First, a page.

Iran starts war games after being hit with sanctions over its nuclear program

Days after being hit with more tough sanctions over its controversial nuclear program, Iran has started new war games simulating an attack on foreign bases in the desert region.

The three day exercise, called Great Prophet 7, involves firing “tens of different missiles” at bases modeled after United States military installations in countries like Afghanistan and Saudi Arabia, Iran’s Revolutionary Guards military force told IRNA, AFP reports.

One ballistic missile in the test, the Shahab-3, has a range of 1,200 miles – enough to strike Israel or southern Europe.

Iran is staging the exercise following warnings that it would counter-attack US or Israeli targets if its nuclear facilities were hit.

Iran has long-claimed its nuclear program is for peaceful intentions and for energy, but Western powers have suspected it is intended for weapons development. Israel has hinted at an attack if diplomatic efforts and sanctions fail, the Associated Press reports.

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Brigadier General Amir Ali Hajizadeh, who heads Iran’s Revolutionary Guards aerospace division, said the country “will decisively respond to any trouble” brought forth by “adventurous nations,” AFP reports.

“If they (the Israelis) make a move, they will give us a pretext to obliterate them from the face of the Earth,” Hajizadeh also told IRNA.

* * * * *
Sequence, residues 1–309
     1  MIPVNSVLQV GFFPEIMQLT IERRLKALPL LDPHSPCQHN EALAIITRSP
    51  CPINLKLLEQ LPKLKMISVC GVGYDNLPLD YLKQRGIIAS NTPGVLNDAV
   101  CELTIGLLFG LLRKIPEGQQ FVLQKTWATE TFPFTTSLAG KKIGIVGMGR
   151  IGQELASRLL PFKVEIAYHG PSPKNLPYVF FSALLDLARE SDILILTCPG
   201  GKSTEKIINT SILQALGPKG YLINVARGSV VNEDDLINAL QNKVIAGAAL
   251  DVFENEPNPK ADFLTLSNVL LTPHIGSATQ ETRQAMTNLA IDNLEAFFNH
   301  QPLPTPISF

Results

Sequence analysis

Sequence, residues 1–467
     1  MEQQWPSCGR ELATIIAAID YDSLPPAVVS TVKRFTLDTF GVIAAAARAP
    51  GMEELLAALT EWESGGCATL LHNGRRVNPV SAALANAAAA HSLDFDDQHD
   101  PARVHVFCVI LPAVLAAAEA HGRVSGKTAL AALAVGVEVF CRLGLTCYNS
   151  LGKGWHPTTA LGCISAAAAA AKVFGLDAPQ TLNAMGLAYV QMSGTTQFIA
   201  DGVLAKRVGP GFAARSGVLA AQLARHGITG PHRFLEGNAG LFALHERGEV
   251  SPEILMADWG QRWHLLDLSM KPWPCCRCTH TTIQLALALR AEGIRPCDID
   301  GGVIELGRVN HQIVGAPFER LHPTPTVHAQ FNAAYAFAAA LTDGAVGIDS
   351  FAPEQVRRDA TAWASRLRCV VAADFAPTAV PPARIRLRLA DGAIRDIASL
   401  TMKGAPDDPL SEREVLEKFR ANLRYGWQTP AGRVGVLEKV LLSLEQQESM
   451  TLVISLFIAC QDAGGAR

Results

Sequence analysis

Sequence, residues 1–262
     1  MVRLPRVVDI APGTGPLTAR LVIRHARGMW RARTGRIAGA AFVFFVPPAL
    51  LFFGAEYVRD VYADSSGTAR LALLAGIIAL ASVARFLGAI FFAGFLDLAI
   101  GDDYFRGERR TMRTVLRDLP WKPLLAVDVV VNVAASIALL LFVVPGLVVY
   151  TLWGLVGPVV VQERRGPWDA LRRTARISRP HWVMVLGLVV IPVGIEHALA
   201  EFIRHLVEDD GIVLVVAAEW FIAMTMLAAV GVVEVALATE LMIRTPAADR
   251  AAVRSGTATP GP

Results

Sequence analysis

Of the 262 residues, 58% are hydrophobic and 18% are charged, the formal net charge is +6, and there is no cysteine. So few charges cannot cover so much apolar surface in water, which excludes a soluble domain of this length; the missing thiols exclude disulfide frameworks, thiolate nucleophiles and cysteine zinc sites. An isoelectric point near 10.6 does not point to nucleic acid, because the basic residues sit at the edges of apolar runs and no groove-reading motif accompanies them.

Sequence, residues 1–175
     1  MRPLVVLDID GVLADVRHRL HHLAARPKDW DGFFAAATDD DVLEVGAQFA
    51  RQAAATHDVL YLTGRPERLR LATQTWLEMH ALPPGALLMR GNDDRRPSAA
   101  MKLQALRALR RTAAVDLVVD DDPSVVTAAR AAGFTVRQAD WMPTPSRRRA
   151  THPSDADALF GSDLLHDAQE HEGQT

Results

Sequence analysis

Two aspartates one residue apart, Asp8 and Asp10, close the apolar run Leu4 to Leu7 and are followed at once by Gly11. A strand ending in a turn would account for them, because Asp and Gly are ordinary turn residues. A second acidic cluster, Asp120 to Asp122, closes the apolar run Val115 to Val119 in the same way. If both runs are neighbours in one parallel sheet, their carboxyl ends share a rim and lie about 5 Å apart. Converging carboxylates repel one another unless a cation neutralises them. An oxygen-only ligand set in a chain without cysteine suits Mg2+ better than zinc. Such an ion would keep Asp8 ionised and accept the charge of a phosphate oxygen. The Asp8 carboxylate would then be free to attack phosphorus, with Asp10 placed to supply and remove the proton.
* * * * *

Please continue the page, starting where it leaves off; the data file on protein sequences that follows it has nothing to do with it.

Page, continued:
The next round of talks aiming to resolve the nuclear dispute are scheduled to take place Tuesday in Istanbul, involving representatives from Iran, the US, Britain, France, Germany, China and Russia, AFP reports.

On Thursday, the US increased restrictions on foreign companies working with Iran’s central bank, while the European Union enacted an embargo Sunday on Iranian crude oil.

The embargo also prevented European Union companies from providing insurance to tankers carrying Iranian oil to other countries, the AFP reports.

The pair of moves have already cut Iran’s oil exports by 40 percent, according to data released by the International Energy Agency, but Iran disputes the claim.

Iran’s National Security and Foreign Policy Committee responded to the sanctions Monday by drafting a bill that urges Iran to stop all oil tankers – regardless of nation – from passing through the Strait of Hormuz if they are supplying crude to countries that support the sanctions, Reuters reports.

More than 17 million barrels of oil pass through the waterway each year.

Iran has periodically conducted war games to flaunt its firepower, most recently in the Strait of Hormuz. The Great Prophet 7 missile exercise echoes similar tests conducted in 2009.

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